The Knot of the Dead


Irina-Maria Manea
by Berig
published on 09 February 2022
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A section of the Stora Hammars I stone in Gotland representing a so-called valknut (the three triangles), alongside a figure with a spear, which might be interpreted as Odin, accompanied by what looks like a raven and a hanging man near a burial mound.

The term valknut is a modern one, built up to mean the knot of the slain, the dead men on the battlefield. The places where this symbol appears do seem to be set in a context related to death, yet its significance is uncertain. The name of the object in the Viking Age is unknown. It might be what Icelandic scholar Snorri Sturluson describes as the heart of Hrungnir in Skáldskaparmál (The Language of Poetry) in his Edda from the 1200s: Hrungnir had a famous heart made of hard stone, with three corners, that later becomes a design by the name of Hrungnir's heart.

We find the symbol not only on the Stora Hammars and Tängelgårda rune stones from Gotland but also on other objects such as a ring (Nene River Ring) or a bedpost from the Oseberg ship. We can only speculate that it was linked somehow to Odin's spiritual and magical abilities, his links to the afterlife, or his ability to bind, both to inflict fear and to induce a state of frenzy. They might have been a broader category in the Viking/Germanic world, sets of three objects like this we also find on the Snoldelev runestone from the 9th century in Denmark, a regular memorial stone with an inscription in the younger futhark alphabet. Again, we can speculate around the three horns as potentially magically charged, or simply an attractive design. There is no way to tell for sure.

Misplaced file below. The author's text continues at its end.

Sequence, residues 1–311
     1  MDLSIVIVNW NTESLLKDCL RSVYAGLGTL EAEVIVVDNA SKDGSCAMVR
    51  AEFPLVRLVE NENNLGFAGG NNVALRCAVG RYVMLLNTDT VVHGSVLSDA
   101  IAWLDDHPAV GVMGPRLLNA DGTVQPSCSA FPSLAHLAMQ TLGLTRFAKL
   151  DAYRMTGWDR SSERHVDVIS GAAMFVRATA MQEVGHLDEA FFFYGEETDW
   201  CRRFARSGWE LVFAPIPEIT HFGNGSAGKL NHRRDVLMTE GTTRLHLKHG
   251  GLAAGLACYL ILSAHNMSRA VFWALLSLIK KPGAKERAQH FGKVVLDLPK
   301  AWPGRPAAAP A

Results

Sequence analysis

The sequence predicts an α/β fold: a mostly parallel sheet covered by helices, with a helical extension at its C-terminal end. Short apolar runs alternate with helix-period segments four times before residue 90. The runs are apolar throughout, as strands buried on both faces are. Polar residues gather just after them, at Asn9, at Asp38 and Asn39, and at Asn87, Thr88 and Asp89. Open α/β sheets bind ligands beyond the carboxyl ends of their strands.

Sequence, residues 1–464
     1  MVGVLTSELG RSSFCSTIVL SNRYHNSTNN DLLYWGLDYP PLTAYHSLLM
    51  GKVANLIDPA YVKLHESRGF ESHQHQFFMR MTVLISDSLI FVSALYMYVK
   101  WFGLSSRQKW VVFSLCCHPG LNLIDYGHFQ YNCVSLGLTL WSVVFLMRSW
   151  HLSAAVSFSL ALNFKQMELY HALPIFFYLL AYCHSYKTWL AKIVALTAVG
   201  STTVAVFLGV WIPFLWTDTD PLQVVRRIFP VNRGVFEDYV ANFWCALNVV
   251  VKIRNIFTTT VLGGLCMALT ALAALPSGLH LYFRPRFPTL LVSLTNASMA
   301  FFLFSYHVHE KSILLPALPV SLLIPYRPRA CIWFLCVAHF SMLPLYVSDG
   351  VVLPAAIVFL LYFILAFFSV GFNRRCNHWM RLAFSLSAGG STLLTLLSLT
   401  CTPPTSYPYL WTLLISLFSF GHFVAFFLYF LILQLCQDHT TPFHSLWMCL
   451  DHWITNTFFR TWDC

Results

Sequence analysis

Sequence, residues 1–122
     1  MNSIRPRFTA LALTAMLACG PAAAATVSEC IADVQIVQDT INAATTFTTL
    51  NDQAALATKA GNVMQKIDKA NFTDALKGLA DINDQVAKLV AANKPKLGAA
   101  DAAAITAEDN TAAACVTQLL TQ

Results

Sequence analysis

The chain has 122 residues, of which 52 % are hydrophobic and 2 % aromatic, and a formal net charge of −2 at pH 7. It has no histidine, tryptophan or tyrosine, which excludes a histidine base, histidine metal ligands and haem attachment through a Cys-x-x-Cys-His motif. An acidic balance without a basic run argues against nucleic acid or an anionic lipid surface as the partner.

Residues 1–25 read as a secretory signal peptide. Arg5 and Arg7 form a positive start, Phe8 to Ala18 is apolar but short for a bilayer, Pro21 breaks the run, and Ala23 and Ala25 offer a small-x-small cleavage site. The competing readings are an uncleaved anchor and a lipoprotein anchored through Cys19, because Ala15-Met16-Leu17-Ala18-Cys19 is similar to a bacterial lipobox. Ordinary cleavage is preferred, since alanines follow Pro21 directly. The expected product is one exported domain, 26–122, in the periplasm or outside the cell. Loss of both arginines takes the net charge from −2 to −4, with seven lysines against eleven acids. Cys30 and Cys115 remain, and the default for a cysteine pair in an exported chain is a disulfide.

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APA Style

Berig, . (2022, February 09). The Knot of the Dead. World History Encyclopedia. Retrieved from

Chicago Style

Berig, . "The Knot of the Dead." World History Encyclopedia. Last modified February 09, 2022.

MLA Style

Berig, . "The Knot of the Dead." World History Encyclopedia. World History Encyclopedia, 09 Feb 2022. Web. 29 May 2024.